Sens. Johnny Isakson and Saxby Chambliss wrote to Secretary of Veterans Affairs Eric Shinseki, asking the VA to investigate problems with inpatient and contracted outpatient mental health care at the hospital.
An Inspector General audit in mid-April reported a patient in need of mental health care committed suicide and two others who needed care died of drug overdoses. The senators’ letter asks the agency to provide information on its progress in correcting the problems, to prevent the needs of other veterans from being overlooked in the future in Atlanta and at other facilities.
Sen. Richard Burr (R-N.C.) joined the Georgia Republicans in their inquiry, Lauren Culbertson, a spokeswoman for Isakson said in a release Thursday. Isakson is a member of the Senate Veterans Affairs Committee and Chambliss is a member of the Senate Armed Services Committee. Burr is the ranking Republican on the Senate Veterans Affairs Committee.
“We fear that this lack of oversight might exist in other VAMC across the country. We believe the mismanagement of the mental health programs at the Atlanta VAMC provides an opportunity to explore the lessons learned and to ensure that the same mistakes are not repeated anywhere else in the country,” one of the letters read.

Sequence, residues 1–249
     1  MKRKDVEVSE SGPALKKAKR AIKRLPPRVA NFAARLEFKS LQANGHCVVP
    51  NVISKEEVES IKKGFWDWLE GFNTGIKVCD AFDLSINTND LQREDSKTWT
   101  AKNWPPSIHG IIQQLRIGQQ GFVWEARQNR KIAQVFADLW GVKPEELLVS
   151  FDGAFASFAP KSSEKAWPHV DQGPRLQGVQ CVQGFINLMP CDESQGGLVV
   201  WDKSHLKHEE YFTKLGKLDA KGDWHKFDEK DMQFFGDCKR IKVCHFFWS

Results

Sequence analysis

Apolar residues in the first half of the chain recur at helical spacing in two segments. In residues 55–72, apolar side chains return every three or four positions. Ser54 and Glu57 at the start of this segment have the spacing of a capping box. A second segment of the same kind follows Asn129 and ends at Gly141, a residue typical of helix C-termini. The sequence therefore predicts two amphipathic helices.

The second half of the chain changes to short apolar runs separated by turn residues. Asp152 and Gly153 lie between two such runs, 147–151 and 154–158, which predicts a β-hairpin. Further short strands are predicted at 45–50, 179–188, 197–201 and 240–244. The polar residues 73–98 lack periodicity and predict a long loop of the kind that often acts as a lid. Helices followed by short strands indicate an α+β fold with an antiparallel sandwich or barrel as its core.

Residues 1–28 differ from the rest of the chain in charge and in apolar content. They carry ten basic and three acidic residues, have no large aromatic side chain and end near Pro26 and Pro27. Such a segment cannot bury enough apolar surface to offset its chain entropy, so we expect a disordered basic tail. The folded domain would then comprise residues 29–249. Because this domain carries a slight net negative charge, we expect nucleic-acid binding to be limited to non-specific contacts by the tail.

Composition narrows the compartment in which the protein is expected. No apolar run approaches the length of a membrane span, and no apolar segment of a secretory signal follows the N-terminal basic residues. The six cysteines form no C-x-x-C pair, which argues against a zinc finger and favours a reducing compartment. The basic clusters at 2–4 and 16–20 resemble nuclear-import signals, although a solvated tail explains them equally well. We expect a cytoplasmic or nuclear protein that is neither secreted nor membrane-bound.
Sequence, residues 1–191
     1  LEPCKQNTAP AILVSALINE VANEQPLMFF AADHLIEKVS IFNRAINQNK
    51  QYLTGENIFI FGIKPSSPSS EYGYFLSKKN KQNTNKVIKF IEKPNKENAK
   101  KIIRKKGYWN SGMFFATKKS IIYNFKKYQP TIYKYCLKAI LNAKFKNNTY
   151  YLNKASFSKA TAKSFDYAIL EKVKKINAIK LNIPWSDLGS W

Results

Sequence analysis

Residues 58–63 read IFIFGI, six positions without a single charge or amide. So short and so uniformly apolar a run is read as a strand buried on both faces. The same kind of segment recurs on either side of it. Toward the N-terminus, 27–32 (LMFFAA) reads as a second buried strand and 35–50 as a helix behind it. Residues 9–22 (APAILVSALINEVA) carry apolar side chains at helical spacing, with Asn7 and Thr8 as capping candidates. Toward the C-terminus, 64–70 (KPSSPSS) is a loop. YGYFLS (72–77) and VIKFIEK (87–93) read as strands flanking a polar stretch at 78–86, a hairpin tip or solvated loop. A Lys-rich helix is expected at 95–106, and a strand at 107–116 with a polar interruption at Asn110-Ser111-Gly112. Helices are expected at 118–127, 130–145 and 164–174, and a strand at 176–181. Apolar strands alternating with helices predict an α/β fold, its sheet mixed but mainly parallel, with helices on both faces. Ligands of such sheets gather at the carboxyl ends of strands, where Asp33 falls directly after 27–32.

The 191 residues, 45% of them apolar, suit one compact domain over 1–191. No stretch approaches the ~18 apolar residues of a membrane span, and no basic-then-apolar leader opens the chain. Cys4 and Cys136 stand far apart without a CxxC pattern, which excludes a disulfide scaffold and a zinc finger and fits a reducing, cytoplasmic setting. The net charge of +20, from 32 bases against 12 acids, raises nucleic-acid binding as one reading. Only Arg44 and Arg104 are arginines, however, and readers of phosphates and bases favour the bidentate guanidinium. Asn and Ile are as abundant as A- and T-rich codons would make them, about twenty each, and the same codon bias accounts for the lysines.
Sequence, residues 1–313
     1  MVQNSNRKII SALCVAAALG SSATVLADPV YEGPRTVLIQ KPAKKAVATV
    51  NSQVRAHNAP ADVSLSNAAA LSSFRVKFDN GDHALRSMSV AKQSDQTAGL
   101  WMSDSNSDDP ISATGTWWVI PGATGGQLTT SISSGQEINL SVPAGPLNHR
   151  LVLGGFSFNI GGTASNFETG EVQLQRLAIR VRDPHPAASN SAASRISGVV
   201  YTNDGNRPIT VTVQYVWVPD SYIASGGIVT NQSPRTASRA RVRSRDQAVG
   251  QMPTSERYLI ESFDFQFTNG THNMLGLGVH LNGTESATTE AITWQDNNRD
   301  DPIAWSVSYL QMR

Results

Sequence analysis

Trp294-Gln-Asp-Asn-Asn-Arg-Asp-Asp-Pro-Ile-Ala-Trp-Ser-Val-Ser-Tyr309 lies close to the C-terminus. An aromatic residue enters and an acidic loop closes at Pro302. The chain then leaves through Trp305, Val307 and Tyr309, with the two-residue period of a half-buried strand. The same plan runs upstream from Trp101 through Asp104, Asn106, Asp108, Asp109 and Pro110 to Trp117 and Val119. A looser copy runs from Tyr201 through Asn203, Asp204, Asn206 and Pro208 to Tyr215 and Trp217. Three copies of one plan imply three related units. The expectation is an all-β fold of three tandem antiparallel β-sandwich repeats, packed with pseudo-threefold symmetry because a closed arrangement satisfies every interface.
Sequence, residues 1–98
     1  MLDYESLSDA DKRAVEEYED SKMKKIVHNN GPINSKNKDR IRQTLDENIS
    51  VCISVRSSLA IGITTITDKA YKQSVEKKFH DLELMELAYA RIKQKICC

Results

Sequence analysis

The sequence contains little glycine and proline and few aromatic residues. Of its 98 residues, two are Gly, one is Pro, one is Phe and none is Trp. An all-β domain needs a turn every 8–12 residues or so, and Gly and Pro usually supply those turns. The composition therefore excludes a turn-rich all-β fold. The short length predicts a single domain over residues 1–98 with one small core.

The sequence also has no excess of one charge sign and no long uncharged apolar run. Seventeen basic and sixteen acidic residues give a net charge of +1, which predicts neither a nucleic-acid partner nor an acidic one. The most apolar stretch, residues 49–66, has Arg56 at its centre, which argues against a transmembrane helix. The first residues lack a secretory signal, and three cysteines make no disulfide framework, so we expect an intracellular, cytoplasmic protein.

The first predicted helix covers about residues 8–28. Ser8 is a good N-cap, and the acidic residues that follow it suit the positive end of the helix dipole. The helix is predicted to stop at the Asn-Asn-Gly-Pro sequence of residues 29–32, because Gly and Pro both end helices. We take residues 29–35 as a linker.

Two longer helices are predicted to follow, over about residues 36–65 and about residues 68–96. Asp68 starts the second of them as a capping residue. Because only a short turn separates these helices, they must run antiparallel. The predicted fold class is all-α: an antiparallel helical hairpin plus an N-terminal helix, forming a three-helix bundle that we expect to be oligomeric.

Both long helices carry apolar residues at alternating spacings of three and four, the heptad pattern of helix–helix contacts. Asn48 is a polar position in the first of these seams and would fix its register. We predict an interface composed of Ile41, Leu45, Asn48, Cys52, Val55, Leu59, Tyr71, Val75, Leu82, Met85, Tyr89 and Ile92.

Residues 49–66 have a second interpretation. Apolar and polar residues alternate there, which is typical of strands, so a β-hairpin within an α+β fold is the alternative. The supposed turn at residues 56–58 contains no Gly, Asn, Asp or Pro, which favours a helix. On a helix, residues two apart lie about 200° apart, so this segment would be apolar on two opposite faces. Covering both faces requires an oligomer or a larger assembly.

The senators have asked what tools the Atlanta VA Medical Center will use to track the performance of the facility’s inpatient mental health unit since it implemented an action plan in response to the Inspector General report.
Other lawmakers have voiced concerns as well.
“It’s not just Atlanta. There are issues throughout the United States,” Rep. Jeff Miller (R-Fla.) chair of the House Committee on Veterans’ Affairs, told the Associated Press in late May.
Atlanta VA Medical Center officials say they have made strides toward addressing issues raised in the reports — which included requiring visitors to be supervised and closer patient monitoring. The facility serves some 87,000 veterans with an operating budget of more $500 million.
The interim director has been replaced. A former deputy assistant secretary, Leslie B. Wiggins, has been brought in to take over.